Dr. Aaron M. Haines
Assistant Professor, General Biology, Conservation Biology, Mammalogy, and Ornithology.
Office: Caputo 116
M: 09:00 -- 10:00 a.m.; 01:30 -- 02:30 p.m.
W: 09:00 -- 10:00 a.m.
R: 01:30 -- 03:30 p.m.
F: 09:00 -- 11:00 a.m.
B.S. in Forestry and Wildlife Management, Virginia Tech (1998).
M.S. in Wildlife & Range Management, Texas A&M University-Kingsville (2003).
Ph.D. in Wildlife Science, Texas A&M University-Kingsville (2006).
BIOL 100 – General Biology Lab
BIOL 211 -- Concepts of Zoology
BIOL 241 -- Ecology
BIOL 346 -- Ornithology
BIOL 443 -- Conservation Biology
Areas of Specialization:
Conservation and Wildlife Biology. [Millersville University Conservation & Ecology Blog: http://blogs.millersville.edu/conservation/]
Research Interests & Activities:
My professional research interests involve identifying more effective approaches to implement on the ground conservation strategies to benefit species of conservation concern. Conservation strategies may include the use of spatial models to identify priority areas in need of protection, mitigation of poaching activity, evaluation of field techniques for conservation research, habitat restoration projects that benefit multiple wildlife species, and evaluation of recovery efforts for threatened and endangered species. One of my current reseach activities is, directing the Advanced Conservation Lab.
A list of research opportunities for students is found on the Student Projects Page.
Selected Publication(s): (*student)
Haines, A.M., D. Elledge, L. Wilsing*, M. Grabe*, D. Barske*, and S. Webb. 2012. Spatially-explicit analysis of poaching activity as a conservation management tool. Wildlife Society Bulletin.
Neel, M.C., A. K. Leidner, A. M. Haines, D.D. Goble, and J. M. Scott. 2012. By the numbers: How is recovery defined by the U.S. Endangered Species Act? BioScience 62: 646-657.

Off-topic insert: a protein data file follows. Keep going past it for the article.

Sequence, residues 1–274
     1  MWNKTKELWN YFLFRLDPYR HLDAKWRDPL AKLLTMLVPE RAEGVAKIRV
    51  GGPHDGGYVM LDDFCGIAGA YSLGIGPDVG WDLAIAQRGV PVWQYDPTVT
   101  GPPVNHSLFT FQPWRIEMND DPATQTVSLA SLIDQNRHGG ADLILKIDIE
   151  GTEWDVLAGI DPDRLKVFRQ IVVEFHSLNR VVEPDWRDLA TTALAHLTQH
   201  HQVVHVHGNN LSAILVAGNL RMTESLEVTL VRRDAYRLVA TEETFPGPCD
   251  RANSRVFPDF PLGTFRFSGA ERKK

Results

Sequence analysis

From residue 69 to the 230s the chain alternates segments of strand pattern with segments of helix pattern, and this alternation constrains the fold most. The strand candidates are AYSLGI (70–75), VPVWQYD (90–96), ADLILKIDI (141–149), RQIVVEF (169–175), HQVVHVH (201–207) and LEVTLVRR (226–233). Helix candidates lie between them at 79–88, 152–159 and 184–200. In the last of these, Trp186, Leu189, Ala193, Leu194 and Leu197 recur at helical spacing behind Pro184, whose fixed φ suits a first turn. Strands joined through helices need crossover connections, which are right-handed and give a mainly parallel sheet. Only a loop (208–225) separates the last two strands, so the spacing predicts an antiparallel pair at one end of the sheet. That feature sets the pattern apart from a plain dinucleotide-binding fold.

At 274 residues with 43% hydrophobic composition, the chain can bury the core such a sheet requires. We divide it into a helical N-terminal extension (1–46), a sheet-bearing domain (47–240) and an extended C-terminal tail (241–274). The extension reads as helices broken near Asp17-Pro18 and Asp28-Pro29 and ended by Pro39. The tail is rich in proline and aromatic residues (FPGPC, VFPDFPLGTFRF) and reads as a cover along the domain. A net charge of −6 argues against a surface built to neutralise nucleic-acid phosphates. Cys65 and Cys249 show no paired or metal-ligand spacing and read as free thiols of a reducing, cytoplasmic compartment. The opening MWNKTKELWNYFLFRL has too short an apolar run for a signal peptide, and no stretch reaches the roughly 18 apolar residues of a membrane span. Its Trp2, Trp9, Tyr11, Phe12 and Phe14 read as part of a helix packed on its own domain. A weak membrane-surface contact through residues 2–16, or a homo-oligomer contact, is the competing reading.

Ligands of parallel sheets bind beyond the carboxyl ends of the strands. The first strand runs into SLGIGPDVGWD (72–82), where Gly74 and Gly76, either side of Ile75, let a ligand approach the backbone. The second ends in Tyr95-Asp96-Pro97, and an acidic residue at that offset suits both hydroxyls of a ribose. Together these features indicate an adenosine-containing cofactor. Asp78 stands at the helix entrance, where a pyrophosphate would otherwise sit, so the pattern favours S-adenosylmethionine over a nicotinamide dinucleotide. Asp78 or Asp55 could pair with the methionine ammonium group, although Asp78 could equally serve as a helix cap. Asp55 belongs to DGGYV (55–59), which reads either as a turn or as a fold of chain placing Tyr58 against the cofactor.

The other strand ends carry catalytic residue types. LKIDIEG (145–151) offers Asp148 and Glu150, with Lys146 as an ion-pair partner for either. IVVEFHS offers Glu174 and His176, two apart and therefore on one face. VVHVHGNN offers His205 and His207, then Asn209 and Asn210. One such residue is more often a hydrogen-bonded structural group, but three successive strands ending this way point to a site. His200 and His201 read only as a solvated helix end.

Haines, A. M., M. Leu, L. Svancara, J. M. Scott, K. T. Vierling, S. Martinuzzi and T. J. Laninga. 2012. Incorporating Wildlife Conservation into County Comprehensive Plans: A GIS Approach. Northwest Science 86: 53-70.
McKinney*, M., and A. M., Haines. 2010. Comparing mammal capture effectiveness between scent stations and remote cameras in forest and prairie habitat. The Journal of the Iowa Academy of Science 117: 4-8.
Scott, J. M., D. Goble, A. M. Haines, J. A. Weins, and M. C. Neel. 2010. Conservation reliant species: and the future of conservation. Conservation Letters 3:71-78.
Horne, J., A. M., Haines, M. E. Tewes and L. L. Laack. 2009. Habitat partitioning of sympatric ocelots and bobcats: implications for recovery of ocelots in southern Texas. Southwestern Naturalist 54:119-126.
Vierling, K. T., D. J. Gentry, and A. M. Haines. 2009. Nest niche partitioning of Lewis's and Red-headed woodpeckers in burned pine forests. The Wilson Journal of Ornithology 121:89-96.
Haines, A. M., M. Leu, L. Svancara, G. Wilson, J. M. Scott, and K. P. Reese. 2008. A Theoretical approach to using human footprint models to measure landscape level conservation success. Conservation Letters 1:165-172.
Haines, A.M., L. I. Grassman, M. E. Tewes, and J. E Janečka. 2006. Results of the first ocelot (Leopardus pardalis) monitored with GPS telemetry. European Journal of Wildlife Research 52: 216-218.
Haines, A. M., M. E. Tewes, L. L. Laack, J. Horne, and J. Young. 2006. Habitat based population viability analysis of ocelots in southern Texas. Biological Conservation 132:424-436.
Haines, A. M., J. E. Janečka, M. E. Tewes, L. I. Grassman, and P. Morton. 2006. The importance of private lands for ocelot Leopardus pardalis conservation in the United States. Oryx 40: 90-94.
Haines, A. M., M. E. Tewes, and L. L. Laack. 2005. Survival and sources of mortality in ocelots. Journal of Wildlife Management 69: 255-263.
Haines, A. M., F. Hernandez, S. E. Henke, and R. L. Bingham. 2004. Effects of baiting ranch roads on northern bobwhite survival and home range size. Wildlife Society Bulletin 32: 401-411.
Haines, A. M., M. J. McGrady, M. S. Martell, B. J. Dayton, M. B. Henke, and W. S. Seegar. 2003. Migration routes and wintering locations of broad-winged hawks tracked by satellite telemetry. Wilson Bulletin 115: 166-169.